Todays child care CO

“Our daughter, Juliana, joined the TLE Aurora family at 8 weeks old and we could not be happier with our choice in a childcare facility. Ms. Bethany in the Infant A room is truly amazing! We are put at ease knowing that we have such a caring and loving teacher taking care of our daughter. She is truly dedicated to making sure Juliana progresses and has fun at the same time. Juliana always has a smile on her face when I drop her off in the morning and when I pick her up in the afternoon. We truly appreciate the staff at TLE Aurora for the way they have cared for our daughter as though she was family!”

I am a caregiver and excited to open my home for your child. I have three children of my own, one in college, one in elementary school and a toddler, so I am very experienced with all age groups. We follow a routine that includes preschool age appropriate activities in the morning. I enjoy reading time at the library and highly encourage supervised outdoor play in my fenced backyard. I lead an active healthy lifestyle. That includes a balanced diet for the children I care for. I am a mature, patient caregiver.
It is NOT a different type of license or a substitute for licensing or accreditation. The intent of the Qualistar Rating™ is to give licensed programs a measurement of quality, by star levels, and recommendations on how to improve the quality of the care they provide. Accreditation by a national accrediting agency is a separate process that has its own set of standards and validation system.
Shawna Kay – Mom of two children in care. My youngest isn’t quite 1 yr old yet. How much more difficult do you need to make it for us? I barely make enough to cover daycare as it is, and that’s WITH subsidy! The ripple effect here is going to negatively impact so many. Please think of how much these changes are HURTING people who are just scraping by as it is!!!!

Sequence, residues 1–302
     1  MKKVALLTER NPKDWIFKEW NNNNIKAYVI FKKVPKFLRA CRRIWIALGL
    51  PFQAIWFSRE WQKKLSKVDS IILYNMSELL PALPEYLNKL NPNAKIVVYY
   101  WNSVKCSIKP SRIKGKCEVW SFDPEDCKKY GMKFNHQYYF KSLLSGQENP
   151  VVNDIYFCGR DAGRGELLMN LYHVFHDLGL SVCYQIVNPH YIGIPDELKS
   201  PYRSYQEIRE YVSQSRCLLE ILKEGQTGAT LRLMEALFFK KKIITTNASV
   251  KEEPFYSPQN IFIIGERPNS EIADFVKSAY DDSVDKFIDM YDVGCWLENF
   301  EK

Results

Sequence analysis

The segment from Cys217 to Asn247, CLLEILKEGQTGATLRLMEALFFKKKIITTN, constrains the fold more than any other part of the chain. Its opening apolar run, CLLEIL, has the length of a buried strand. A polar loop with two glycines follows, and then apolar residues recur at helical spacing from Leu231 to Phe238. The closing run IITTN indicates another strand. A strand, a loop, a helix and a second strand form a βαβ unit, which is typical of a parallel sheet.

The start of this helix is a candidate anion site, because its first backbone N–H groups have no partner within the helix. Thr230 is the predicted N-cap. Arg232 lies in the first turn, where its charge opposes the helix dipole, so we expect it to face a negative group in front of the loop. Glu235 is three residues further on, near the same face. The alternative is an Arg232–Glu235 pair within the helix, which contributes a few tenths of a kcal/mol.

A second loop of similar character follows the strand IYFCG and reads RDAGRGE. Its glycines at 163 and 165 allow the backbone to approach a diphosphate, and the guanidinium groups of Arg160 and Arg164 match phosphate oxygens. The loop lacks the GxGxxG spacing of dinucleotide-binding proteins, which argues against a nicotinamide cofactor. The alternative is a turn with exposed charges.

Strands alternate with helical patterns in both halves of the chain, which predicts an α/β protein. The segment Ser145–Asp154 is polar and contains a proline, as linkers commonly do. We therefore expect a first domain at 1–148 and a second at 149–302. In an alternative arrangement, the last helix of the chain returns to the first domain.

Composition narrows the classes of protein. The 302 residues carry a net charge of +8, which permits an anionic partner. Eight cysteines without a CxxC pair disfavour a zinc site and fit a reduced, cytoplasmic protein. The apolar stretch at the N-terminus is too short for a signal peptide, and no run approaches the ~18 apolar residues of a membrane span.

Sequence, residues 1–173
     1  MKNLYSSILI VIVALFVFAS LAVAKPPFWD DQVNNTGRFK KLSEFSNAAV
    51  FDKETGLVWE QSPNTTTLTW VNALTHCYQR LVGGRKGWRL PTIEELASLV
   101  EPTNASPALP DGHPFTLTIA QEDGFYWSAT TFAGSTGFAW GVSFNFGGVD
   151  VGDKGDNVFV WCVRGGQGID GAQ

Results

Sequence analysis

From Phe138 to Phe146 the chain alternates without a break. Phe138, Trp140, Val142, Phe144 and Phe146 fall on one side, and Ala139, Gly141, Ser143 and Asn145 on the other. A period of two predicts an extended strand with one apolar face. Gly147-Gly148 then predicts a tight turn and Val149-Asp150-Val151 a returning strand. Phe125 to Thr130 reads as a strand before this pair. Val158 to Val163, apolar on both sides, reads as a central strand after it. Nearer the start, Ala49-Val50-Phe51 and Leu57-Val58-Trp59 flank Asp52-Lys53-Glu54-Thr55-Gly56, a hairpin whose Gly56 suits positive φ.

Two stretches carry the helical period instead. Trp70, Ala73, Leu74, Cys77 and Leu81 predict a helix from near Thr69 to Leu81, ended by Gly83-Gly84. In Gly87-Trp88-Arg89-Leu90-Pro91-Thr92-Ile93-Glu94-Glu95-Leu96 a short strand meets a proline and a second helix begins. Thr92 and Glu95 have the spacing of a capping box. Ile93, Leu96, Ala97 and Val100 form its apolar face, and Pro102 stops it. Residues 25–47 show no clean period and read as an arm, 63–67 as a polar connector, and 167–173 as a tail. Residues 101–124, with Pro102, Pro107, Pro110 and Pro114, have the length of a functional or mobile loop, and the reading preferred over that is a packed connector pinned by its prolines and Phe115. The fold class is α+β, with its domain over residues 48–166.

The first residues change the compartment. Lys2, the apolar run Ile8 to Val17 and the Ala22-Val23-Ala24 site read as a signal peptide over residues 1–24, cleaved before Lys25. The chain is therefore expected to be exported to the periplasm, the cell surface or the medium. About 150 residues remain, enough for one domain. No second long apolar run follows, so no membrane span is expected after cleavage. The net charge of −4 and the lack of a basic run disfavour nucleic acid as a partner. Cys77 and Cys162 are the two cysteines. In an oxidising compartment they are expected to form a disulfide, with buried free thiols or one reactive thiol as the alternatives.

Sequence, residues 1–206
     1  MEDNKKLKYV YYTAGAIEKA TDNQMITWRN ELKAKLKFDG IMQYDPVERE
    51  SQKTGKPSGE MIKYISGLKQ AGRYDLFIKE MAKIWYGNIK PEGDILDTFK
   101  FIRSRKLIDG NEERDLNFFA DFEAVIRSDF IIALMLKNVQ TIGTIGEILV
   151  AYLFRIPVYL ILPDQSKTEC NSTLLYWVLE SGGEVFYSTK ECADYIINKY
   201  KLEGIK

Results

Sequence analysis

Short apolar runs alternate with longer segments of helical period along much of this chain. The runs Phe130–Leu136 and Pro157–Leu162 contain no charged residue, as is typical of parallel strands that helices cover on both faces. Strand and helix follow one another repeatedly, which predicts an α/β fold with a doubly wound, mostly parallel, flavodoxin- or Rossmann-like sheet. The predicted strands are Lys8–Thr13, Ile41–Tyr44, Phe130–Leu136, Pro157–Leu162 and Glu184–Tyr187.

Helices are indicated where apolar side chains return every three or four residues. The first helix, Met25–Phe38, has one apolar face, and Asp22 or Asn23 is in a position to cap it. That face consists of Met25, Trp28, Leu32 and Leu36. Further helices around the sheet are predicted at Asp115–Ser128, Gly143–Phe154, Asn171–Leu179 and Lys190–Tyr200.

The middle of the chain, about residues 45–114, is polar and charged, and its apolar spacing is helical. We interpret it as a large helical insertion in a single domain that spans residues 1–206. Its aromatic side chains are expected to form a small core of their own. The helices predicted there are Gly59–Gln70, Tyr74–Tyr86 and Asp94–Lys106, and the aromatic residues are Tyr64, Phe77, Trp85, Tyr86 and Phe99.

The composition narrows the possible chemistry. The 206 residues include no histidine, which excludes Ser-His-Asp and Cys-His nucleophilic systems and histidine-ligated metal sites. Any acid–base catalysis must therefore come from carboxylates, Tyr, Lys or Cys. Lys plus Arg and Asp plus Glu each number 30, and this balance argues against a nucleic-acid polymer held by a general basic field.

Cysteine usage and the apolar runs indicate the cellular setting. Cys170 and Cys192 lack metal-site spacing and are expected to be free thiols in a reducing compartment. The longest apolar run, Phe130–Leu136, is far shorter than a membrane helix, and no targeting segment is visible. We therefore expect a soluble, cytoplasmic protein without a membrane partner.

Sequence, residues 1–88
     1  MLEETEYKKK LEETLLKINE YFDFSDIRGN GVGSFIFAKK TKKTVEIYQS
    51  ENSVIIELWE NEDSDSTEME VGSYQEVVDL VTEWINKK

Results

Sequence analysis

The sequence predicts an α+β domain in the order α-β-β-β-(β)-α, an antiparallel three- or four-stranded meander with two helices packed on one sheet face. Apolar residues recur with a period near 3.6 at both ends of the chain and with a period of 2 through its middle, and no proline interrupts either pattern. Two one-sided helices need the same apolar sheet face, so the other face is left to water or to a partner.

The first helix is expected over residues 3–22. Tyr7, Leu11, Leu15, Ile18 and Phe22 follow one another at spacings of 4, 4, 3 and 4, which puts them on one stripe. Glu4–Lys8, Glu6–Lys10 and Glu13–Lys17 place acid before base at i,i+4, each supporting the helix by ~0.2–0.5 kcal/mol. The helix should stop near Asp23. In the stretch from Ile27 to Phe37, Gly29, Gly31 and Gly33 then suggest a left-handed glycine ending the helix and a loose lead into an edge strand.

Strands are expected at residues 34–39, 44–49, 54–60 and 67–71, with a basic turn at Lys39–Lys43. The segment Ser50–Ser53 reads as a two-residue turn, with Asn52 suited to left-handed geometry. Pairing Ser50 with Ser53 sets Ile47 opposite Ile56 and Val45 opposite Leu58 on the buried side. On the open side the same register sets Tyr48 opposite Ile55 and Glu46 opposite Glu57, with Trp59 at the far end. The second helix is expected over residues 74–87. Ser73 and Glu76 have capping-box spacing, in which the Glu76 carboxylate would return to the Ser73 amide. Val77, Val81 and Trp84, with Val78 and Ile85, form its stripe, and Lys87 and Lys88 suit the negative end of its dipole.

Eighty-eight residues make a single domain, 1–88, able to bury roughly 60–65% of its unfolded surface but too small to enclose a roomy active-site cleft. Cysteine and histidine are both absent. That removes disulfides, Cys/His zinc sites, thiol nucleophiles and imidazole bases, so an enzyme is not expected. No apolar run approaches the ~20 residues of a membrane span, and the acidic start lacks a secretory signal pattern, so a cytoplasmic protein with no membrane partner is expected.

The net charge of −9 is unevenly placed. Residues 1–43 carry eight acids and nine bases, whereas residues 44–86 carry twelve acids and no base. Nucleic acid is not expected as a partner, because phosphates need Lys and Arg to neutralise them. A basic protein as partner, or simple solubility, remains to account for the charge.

There is a lot to like about The Nourishing Traditions Book of Baby and Child Care by Sally Fallon Morrell and Thomas S Cowan. Some of it is exceptionally well-researched (other things I thought were a little sketchy or questionable, see further below). I could never list all the awesome things the book discusses, but some of the highlights for me include:
- Promotion of the time-out technique for dealing with inappropriate behaviour (p173). I've worked with enough children in my career and read enough literature on child behaviour and development to know that time-out is an ineffective, overused and misunderstood tool that adults resort to when they have no clue otherwise how to deal with their child's actions (thank you Super Nanny). In many cases it's the parents who need time out from the situation to cool down and gather their composure. I'm not about to tell anyone how to parent, but I will say that when a child is sent to time-out to 'think about their behaviour', you can be guaranteed they're thinking of anything BUT that.

In high school I was involved with sports (softball, basketball, track) was FFA vice president, and a member of the National Honor Society. After high school I received an athletic scholarship to play softball. While in college I started a physical education program at a local Lutheran Church School. The people and the children became family to me and I was offered a part time teaching assistant job working with the kindergarten class. During the summers of college I spent my time coaching softball to young girls. Over my four years of coaching we won four state titles, four regional titles, three Nationals appearances as well as an invitation to the Babe Ruth Little League World Series.
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